UAE. Dubai World, the holding company for the developer of the man-made Palm islands and what will become the world's tallest tower, said it has no problem borrowing and disputed forecasts that the Gulf state will need help from neighbouring Abu Dhabi.
Government-controlled companies owe at least US$47 billion, more than Dubai's gross domestic product, and are accumulating debt at a faster pace than the economy is growing, Moody's Investors Service said in a report yesterday. Dubai's "potential reliance'' on neighbouring Abu Dhabi may be "most significant'' in coming years, Moody's analysts said.
"We don't have any problem raising money,'' Dubai World Chairman Sultan Bin Sulayem said in a telephone interview today. "Why would we announce a big tower if we can't afford to pay for it?''
Dubai's state companies have lost at least US$6 billion on their five biggest public investments in the past two years, led by Dubai World's stake in casino operator MGM Mirage. Losses on undisclosed investments may be US$30 billion, said Luis Costa, emerging-markets debt strategist at Commerzbank in London.
"About 80% of Dubai World is non-transparent, so it's a very tough game,'' said Costa. "Deals such as the world's tallest tower may now need more capital injection from the state or may even fail.''
Ruler of Dubai Sheikh Mohammed bin Rashid has borrowed to fuel the necessary infrastructure developments and to diversify Dubai's dwindling revenue from oil with earnings from tourism, finance and real estate. State-owned airline Emirates has increased its fleet to the largest in the Middle East and has the most orders worldwide for the Airbus A380 superjumbo, as the government seeks to double tourists per year to 15 million by 2015.
Dubai World owns DP World, the third-largest international port operator, Istithmar World, a private equity firm that acquired Barney's New York last year, and Nakheel, builder of the manmade palm-shaped islands in the Persian Gulf. The developer is also building the Nakheel Tower, which will surpass the Burj Dubai, currently the world's tallest at 707 metres.
DP World, which bought Peninsula and Oriental Steam Navigation Co for US$6.8 billion in 2006, has slumped 50% this year on the Dubai International Financial Exchange.
Dubai World agreed to pay about US$5.1 billion for almost 10% of Kirk Kerkorian's MGM Mirage last year; the price has tumbled since to US$16.80 from US$84.
"We are not speculators; we do not buy to sell,'' bin Sulayem said today. "Anything we buy we keep for at least five years.''
Plans to build hotels and resorts with MGM in Dubai and around the world are "going ahead,'' he said.
Dubai has attracted some of the world's largest companies, including Microsoft Corp, Merrill Lynch & Co and American Investment Group (AIG) to tax-free business parks, spurring the development of finance, media and technology industries.
The model, copied by Qatar and Saudi Arabia, swelled the population of immigrant workers to outnumber Emirati nationals by ten to one and drove a quadrupling in real-estate prices in the past five years, according to property data from Dubai-based investment bank Al Mal Capital.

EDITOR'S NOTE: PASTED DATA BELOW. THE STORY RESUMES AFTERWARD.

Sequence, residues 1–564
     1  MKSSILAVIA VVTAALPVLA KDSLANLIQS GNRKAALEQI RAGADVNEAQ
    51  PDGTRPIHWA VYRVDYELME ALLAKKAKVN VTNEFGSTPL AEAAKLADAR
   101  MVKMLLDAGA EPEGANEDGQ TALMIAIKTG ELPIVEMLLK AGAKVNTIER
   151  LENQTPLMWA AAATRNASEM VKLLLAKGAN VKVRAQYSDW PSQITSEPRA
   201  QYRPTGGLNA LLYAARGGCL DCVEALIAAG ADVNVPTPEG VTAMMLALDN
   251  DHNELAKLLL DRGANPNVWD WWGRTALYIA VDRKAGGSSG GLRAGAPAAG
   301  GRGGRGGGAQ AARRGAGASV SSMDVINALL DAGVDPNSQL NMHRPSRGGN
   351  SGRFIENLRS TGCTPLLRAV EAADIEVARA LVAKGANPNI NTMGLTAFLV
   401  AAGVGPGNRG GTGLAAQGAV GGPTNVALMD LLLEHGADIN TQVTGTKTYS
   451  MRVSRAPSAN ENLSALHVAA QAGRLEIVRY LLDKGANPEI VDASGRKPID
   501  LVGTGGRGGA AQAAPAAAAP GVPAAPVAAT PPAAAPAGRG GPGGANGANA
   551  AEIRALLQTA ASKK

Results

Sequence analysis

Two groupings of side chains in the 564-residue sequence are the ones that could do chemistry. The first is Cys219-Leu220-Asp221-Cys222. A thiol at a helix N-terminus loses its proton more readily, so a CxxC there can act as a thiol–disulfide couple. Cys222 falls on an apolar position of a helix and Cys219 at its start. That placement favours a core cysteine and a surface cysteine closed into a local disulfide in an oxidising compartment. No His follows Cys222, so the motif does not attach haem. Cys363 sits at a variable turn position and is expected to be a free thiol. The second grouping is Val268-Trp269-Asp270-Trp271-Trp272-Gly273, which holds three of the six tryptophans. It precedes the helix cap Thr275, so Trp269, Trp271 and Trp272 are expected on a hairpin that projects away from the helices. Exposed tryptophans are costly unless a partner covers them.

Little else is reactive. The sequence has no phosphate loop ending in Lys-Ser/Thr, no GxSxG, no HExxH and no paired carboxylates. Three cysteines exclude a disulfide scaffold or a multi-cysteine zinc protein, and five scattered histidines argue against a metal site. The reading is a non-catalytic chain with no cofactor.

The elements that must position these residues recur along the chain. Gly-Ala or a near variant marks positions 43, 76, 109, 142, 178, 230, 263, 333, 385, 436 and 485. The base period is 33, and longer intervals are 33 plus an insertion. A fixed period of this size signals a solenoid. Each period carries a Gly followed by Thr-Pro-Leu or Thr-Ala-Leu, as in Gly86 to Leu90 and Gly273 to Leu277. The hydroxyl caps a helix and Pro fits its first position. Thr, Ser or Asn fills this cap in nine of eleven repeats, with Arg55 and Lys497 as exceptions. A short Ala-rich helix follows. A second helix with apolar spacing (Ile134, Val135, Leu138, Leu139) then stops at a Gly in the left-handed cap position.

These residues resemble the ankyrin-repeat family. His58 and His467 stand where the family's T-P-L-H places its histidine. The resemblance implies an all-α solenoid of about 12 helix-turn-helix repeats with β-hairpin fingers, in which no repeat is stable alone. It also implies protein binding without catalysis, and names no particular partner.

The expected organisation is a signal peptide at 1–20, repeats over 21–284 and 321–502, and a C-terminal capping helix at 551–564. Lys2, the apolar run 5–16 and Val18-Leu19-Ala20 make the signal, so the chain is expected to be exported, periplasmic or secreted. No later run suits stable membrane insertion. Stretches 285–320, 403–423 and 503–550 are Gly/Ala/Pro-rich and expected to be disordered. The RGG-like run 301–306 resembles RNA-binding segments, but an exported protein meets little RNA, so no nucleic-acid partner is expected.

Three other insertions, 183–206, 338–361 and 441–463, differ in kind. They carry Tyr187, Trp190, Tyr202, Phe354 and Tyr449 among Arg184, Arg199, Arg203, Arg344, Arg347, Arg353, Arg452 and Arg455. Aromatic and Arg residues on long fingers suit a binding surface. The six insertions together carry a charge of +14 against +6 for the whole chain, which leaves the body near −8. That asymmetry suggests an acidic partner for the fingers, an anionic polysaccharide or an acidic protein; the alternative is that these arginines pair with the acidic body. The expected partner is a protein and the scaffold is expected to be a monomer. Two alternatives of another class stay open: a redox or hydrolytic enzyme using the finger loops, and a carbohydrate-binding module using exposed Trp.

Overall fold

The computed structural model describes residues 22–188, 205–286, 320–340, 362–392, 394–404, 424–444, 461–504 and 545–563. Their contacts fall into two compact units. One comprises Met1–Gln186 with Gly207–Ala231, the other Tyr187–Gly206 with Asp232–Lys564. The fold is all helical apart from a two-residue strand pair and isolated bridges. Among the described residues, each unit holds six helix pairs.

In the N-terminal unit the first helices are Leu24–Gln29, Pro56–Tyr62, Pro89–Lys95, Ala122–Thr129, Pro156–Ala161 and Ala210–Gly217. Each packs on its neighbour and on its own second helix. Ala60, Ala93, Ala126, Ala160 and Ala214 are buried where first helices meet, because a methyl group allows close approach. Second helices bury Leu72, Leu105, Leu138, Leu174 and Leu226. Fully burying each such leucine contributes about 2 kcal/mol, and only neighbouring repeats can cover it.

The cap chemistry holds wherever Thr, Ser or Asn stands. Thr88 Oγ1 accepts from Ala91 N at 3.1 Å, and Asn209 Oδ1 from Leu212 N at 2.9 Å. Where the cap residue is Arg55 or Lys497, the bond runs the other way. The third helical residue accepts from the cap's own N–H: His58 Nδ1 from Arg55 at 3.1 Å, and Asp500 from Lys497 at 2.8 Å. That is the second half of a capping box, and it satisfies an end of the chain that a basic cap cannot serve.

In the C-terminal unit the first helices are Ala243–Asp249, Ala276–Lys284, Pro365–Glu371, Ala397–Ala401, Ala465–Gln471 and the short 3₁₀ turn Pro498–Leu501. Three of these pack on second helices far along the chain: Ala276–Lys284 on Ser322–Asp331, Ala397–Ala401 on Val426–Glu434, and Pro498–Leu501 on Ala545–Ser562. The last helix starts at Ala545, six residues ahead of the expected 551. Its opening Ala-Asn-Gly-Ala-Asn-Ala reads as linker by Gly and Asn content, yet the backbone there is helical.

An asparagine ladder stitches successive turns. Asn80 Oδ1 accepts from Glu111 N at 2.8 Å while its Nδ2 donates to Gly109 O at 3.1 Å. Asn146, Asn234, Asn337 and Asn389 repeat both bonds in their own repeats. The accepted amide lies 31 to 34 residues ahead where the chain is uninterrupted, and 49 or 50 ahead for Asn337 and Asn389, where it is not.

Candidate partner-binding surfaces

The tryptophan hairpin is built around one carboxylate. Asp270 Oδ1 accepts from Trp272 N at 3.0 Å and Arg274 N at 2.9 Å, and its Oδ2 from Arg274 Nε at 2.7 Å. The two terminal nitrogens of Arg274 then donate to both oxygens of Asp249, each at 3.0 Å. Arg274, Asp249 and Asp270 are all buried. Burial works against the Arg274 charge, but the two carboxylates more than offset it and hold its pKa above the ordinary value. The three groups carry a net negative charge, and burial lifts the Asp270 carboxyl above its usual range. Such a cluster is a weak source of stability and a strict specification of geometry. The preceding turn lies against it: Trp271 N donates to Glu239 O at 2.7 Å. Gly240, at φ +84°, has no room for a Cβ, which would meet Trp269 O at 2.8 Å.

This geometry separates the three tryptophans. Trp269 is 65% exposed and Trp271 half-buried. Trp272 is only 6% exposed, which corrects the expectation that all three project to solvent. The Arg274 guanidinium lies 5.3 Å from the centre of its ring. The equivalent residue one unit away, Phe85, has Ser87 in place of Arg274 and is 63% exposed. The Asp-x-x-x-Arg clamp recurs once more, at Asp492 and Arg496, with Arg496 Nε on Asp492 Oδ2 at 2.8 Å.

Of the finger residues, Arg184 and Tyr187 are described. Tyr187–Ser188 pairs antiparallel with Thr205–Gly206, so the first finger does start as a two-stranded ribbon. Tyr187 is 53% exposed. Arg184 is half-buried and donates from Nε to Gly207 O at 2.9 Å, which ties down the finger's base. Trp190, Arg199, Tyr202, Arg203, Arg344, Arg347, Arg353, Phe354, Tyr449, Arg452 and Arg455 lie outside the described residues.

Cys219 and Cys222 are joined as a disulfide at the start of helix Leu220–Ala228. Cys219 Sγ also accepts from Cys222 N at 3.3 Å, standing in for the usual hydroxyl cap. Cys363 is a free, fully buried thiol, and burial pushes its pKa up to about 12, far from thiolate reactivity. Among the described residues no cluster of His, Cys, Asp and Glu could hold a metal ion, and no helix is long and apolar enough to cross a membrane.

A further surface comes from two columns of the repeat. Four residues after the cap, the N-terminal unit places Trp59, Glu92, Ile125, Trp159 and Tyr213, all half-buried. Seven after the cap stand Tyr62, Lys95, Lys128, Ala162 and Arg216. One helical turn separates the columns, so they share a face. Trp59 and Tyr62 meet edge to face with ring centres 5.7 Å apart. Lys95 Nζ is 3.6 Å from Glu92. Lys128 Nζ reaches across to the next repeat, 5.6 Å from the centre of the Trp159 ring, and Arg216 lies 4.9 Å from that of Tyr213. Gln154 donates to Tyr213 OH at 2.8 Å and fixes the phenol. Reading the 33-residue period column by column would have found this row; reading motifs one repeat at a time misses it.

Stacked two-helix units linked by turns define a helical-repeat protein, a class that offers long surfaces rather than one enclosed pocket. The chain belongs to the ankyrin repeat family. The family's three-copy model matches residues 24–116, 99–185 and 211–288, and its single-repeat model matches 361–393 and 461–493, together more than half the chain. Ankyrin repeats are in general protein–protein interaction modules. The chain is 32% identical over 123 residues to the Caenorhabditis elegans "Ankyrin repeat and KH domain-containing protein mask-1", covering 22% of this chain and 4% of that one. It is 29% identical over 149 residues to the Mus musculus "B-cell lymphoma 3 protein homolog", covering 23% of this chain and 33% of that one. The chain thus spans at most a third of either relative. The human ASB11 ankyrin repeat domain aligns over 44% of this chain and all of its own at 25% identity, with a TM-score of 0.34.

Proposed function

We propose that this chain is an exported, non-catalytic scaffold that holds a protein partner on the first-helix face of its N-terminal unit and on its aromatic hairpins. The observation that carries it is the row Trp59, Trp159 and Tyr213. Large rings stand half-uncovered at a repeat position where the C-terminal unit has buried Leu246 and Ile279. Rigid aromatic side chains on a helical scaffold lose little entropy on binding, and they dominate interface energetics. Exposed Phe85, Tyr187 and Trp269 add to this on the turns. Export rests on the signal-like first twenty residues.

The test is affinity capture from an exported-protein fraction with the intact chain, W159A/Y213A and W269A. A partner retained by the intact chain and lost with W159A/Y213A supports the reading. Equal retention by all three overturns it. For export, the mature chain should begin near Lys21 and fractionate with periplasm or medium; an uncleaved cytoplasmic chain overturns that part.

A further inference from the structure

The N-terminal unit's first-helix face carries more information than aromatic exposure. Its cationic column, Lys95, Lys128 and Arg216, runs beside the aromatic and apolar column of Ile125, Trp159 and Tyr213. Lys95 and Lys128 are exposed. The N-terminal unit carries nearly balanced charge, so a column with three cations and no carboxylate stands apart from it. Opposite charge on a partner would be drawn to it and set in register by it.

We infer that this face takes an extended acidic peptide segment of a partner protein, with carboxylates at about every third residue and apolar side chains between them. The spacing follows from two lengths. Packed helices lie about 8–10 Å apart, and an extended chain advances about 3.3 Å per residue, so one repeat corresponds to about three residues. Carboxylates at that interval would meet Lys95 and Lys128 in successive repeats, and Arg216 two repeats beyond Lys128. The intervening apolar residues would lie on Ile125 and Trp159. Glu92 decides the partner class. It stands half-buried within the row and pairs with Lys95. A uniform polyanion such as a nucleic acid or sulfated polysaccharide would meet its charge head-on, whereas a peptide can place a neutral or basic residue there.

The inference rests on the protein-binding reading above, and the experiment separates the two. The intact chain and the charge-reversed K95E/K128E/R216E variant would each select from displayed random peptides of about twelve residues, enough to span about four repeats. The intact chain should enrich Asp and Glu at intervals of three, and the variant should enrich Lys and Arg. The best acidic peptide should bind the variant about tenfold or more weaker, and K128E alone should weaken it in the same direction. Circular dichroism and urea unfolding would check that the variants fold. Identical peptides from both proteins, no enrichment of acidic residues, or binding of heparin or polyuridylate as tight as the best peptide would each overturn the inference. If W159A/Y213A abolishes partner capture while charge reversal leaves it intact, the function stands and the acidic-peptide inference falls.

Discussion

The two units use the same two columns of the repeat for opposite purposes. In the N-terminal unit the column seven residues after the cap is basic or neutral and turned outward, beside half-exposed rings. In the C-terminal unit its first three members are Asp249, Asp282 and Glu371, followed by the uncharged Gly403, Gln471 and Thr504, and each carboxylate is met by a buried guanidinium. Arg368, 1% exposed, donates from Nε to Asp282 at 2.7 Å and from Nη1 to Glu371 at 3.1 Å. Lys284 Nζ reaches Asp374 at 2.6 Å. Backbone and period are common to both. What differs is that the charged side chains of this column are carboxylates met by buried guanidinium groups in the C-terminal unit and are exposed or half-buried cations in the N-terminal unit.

The global credit crunch triggered by falling US house prices is halting Dubai's real-estate boom and putting pressure on bank finances. The UAE government said today it will provide US$19 billion for banks, taking the total made available in the last month to US$33 billion.
Developers will find it harder to borrow as Dubai's property prices fall by 10% through the end of next year, according to Morgan Stanley, although not everyone agrees with this prediction.
"There is pressure on refinancing for property companies,'' Mai Attia, a Dubai-based property analyst at Morgan Stanley, said in a phone interview today. "There will be major outflow in the short term and the question is how they will refinance maturing debt.''
Abu Dhabi, by contrast, owns more than 90% of the UAE's oil reserves and almost 8% of the world's total. The Abu Dhabi Investment Authority, its sovereign wealth fund is the world's largest with as much as US$875 billion in assets, according to the International Monetary Fund.
Moody's expects a "high level'' of support from Abu Dhabi for the "most important'' publicly-owned companies.
While Dubai World manages companies on behalf of the Emirate of Dubai, assets belonging to Sheikh Mohammed including hotel chain Jumeirah Group are run by Dubai Holding. The companies control about two-thirds of the Dubai real-estate market.
The cost to protect Dubai Holding's debt against default jumped almost four-fold in the past six months to 684 basis points, the highest in at least four years, according to traders of credit-default swaps.
Dubai Holding Commercial Operations Co's 10-year bonds due 2017 fell 0.8% today, lifting the yield to a record 13.2%, Bloomberg data shows.
Credit-default swaps, contracts conceived to protect bondholders against default, pay the buyer face value in exchange for the underlying securities or the cash equivalent should a company fail to adhere to its debt agreements. An increase indicates a deterioration in the perception of credit quality.
"We are a very solid company and well diversified,'' bin Sulayem said. The notion of Dubai corporations having to rely on Abu Dhabi for funding "is news to me,'' he said.